Harper Lee, author of "To Kill a Mockingbird," recently filed suit against a museum in Alabama that unfairly benefits from that work, according to Bloomberg. Monroe County Heritage Museum Inc. asked Judge William H. Steele of the federal court in Mobile, Ala., to dismiss Lee's claims against it, which the judge declined to do. Steele ruled the motion to dismiss lacked legal reasoning and relied instead on "bald conclusions" that did not demonstrate the claims should be thrown out.
The museum claimed Lee's suit was barred by the doctrine of laches as she had "slumbered" on her right to sue since the museum's opening in 1992, according to Law360. The judge ruled Lee's complaint showed no such delay and that the defendants had failed to provide evidence of it.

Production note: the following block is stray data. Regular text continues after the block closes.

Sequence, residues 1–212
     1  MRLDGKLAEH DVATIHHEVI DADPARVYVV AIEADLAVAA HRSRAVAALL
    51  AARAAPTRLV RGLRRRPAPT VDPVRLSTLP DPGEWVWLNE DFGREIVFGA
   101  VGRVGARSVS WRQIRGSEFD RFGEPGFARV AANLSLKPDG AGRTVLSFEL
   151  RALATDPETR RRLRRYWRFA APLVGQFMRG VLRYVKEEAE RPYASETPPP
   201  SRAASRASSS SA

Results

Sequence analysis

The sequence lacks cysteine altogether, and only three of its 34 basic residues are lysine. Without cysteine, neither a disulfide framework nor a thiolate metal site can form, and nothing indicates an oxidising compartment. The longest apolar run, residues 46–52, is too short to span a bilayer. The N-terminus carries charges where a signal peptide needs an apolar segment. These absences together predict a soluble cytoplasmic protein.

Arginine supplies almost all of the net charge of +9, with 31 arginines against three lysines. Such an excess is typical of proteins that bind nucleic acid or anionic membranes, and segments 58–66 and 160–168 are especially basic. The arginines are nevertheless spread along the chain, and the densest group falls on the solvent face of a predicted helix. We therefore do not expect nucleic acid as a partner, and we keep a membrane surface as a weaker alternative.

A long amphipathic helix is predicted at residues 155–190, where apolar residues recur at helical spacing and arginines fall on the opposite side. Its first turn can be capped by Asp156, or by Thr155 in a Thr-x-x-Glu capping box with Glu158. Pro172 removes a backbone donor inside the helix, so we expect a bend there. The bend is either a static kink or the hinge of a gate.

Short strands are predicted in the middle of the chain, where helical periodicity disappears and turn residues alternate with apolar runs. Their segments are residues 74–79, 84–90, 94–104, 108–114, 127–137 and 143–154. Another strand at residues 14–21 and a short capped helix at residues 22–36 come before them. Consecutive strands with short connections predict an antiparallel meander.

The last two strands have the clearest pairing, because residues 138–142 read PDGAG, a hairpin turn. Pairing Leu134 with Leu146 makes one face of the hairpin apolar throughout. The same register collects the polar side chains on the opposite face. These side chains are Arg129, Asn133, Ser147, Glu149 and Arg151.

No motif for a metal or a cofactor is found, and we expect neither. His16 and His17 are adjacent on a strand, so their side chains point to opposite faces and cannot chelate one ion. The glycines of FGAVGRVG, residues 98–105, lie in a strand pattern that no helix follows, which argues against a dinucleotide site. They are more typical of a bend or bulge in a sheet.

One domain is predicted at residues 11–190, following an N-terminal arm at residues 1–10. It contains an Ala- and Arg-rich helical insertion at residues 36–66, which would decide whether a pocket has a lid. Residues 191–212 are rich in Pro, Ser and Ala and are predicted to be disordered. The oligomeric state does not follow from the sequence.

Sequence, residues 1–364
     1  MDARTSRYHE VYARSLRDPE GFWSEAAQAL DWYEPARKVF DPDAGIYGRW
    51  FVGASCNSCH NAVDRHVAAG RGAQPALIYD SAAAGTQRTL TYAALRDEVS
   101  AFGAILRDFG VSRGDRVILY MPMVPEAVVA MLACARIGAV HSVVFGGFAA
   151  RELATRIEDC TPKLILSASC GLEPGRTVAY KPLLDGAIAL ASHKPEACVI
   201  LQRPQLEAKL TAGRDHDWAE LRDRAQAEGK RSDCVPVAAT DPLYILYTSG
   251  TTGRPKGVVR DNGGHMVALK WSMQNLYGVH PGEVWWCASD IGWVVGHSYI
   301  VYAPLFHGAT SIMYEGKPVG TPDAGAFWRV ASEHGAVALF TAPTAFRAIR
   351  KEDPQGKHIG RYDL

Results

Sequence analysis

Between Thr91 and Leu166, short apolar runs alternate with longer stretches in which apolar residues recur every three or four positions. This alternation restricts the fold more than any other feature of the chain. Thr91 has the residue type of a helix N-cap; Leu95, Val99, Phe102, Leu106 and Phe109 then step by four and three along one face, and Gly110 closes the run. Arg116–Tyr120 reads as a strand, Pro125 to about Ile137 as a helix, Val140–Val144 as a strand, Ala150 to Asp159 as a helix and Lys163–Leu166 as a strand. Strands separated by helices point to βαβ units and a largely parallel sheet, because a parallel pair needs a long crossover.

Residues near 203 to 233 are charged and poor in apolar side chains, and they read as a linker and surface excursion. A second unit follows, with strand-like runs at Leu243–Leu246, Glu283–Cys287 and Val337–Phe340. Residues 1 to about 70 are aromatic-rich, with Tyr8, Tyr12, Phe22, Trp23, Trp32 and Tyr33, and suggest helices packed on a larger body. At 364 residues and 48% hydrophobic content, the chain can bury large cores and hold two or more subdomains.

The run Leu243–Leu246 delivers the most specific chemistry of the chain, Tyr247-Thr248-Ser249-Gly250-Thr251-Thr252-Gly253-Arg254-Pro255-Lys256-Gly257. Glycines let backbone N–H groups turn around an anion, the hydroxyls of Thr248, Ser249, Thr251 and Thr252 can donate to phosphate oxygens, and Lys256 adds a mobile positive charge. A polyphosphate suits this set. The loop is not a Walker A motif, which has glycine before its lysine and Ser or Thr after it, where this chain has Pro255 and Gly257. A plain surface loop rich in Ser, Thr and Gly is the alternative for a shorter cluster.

"Moreover, the defendant neither identifies the requirements of laches nor explains how the material on which it relies would ... establish as a matter of law that any of the plaintiff's claims are barred by the doctrine," Steele wrote.
Lee alleges the museum is violating federal and state trademark law in featuring exhibits that use both her name and her work. At the time she filed the complaint, the museum was also using the domain name www.tokillamockingbird.com. Lee maintains Monroeville, Ala., is attempting to use her novel's success for financial gain. "To Kill a Mockingbird" is set in the fictional Maycomb County, Ala.